“It was one of the worst traits in Byron, to receive persons in private, and then deny the acquaintance to those whom he considered might disapprove of it. This was in consequence of that want of self-respect which was his bane, but which was the natural consequence of the attacks he had experienced, acting on a very irritable and nervous constitution.

“I have letters from Naples up to the 2nd. Lord Bentinck died there on that day, and is succeeded in his title and fortune by his brother, Mr. Hill, who has been our minis-
ter at Naples since 1825 up to the appointment of
Lord Ponsonby.

“Very sincerely yours,
“M. Blessington.”

I will now give a few extracts from my later epistolary intercourse with Lady Blessington; the object I have in view in the choice of them being, like all the rest of these Recollections, to mark those features of her intellectual character which cannot be gathered from her published writings.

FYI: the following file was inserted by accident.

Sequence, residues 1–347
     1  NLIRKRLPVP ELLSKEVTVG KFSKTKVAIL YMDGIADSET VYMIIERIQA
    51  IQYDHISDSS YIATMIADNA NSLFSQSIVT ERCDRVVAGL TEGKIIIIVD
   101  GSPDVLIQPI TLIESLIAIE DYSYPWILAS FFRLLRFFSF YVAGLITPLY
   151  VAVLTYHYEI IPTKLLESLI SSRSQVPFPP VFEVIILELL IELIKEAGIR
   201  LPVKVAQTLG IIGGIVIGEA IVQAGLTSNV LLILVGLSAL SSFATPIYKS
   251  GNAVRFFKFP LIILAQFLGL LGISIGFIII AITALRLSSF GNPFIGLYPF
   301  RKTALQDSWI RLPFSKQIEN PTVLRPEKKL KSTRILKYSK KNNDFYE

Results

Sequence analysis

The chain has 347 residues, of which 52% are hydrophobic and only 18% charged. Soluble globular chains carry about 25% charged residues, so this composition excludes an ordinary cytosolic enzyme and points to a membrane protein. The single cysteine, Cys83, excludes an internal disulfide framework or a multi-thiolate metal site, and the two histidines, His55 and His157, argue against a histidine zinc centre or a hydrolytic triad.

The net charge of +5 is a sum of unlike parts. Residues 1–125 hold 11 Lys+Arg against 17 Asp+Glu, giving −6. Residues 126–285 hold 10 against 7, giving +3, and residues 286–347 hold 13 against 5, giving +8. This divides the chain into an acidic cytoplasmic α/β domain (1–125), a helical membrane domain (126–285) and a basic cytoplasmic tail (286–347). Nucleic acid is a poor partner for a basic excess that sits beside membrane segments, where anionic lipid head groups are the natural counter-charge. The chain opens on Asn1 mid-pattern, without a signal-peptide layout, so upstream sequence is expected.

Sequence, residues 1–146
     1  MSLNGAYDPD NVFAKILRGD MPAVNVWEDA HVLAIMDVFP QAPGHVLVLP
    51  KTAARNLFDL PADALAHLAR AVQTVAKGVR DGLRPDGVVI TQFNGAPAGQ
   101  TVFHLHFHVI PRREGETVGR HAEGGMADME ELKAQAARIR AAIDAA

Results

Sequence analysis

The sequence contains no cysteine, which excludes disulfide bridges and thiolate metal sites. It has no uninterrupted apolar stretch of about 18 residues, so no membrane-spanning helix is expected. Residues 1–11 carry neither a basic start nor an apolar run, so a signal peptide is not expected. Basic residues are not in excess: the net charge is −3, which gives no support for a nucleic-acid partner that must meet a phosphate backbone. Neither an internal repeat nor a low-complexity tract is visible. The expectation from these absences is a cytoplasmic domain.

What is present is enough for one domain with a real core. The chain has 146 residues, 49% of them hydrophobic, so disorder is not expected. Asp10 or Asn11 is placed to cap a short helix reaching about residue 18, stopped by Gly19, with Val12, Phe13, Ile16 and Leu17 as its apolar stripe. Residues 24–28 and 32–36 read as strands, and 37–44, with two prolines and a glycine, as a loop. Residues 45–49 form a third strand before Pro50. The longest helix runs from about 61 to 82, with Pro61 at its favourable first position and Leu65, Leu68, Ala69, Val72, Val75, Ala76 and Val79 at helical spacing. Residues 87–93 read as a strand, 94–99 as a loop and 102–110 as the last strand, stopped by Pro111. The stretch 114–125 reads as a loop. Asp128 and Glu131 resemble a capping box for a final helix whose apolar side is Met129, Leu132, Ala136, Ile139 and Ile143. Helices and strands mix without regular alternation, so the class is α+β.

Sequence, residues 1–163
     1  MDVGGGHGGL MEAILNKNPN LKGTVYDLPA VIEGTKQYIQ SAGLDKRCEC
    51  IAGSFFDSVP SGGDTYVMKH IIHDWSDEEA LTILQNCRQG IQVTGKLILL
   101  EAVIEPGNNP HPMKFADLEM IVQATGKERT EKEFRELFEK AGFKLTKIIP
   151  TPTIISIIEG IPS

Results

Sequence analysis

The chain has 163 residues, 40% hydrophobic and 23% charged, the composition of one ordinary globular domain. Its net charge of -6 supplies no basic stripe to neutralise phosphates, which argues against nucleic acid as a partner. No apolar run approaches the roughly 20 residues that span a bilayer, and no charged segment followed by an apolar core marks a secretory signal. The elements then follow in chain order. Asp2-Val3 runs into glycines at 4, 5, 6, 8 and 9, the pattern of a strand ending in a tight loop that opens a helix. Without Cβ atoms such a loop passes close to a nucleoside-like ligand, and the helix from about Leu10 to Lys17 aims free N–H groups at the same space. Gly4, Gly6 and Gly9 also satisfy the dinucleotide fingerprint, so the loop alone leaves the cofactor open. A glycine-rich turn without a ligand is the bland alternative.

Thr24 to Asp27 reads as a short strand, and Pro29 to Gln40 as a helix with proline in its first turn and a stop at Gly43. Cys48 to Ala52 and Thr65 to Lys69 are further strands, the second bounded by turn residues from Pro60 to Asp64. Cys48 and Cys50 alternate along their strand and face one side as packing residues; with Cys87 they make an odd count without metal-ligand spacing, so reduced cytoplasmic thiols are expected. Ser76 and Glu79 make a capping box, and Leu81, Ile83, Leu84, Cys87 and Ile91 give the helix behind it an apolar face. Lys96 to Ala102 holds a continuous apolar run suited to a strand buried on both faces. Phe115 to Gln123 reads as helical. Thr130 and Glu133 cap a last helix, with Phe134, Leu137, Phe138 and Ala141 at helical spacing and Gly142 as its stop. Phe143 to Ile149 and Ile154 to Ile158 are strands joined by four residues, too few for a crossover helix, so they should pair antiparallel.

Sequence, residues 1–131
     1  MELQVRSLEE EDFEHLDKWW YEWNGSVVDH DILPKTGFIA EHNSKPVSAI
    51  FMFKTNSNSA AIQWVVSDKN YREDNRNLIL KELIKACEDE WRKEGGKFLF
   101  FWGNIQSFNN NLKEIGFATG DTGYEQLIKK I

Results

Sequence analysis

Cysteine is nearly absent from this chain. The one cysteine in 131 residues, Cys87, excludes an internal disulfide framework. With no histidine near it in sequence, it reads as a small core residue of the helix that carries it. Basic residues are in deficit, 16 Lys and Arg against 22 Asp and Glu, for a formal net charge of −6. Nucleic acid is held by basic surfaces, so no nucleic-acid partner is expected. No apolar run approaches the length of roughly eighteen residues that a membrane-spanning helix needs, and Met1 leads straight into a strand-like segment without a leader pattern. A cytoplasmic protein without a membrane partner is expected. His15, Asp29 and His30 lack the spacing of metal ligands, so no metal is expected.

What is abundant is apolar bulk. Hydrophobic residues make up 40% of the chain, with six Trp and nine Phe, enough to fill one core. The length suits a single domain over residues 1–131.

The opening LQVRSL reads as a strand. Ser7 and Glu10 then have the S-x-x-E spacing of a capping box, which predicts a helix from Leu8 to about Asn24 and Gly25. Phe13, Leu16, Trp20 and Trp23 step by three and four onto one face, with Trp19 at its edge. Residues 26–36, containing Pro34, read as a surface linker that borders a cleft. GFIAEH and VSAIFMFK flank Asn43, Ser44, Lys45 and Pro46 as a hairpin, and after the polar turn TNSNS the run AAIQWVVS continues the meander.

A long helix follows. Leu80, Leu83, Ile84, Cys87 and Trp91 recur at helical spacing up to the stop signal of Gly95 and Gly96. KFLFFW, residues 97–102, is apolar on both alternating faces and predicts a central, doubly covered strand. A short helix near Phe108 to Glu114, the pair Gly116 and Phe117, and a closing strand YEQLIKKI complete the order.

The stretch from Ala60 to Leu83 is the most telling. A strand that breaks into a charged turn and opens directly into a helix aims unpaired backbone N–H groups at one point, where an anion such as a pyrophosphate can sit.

Though Lady Blessington’s poetical talents were not above mediocrity, she had a fine perception and an enthusiastic admiration of the poetical faculties of others, and never missed an opportunity of testifying her feelings.

The Countess of Blessington to P. G. Patmore.
“Gore House, June 14, 1844.

My dear Mr. Patmore,—I congratulate you on the charming poems of your son. They are indeed beautiful, and as fresh and original as beautiful. My friend Mr.
Procter had prepared me for something charming, but these poems, I confess, surpass my expectations, although they were greatly raised. I hope you will make me personally acquainted with the young poet when you and he have leisure. Believe me,

“My dear Mr. Patmore,
“Very sincerely yours,
“M Blessington.”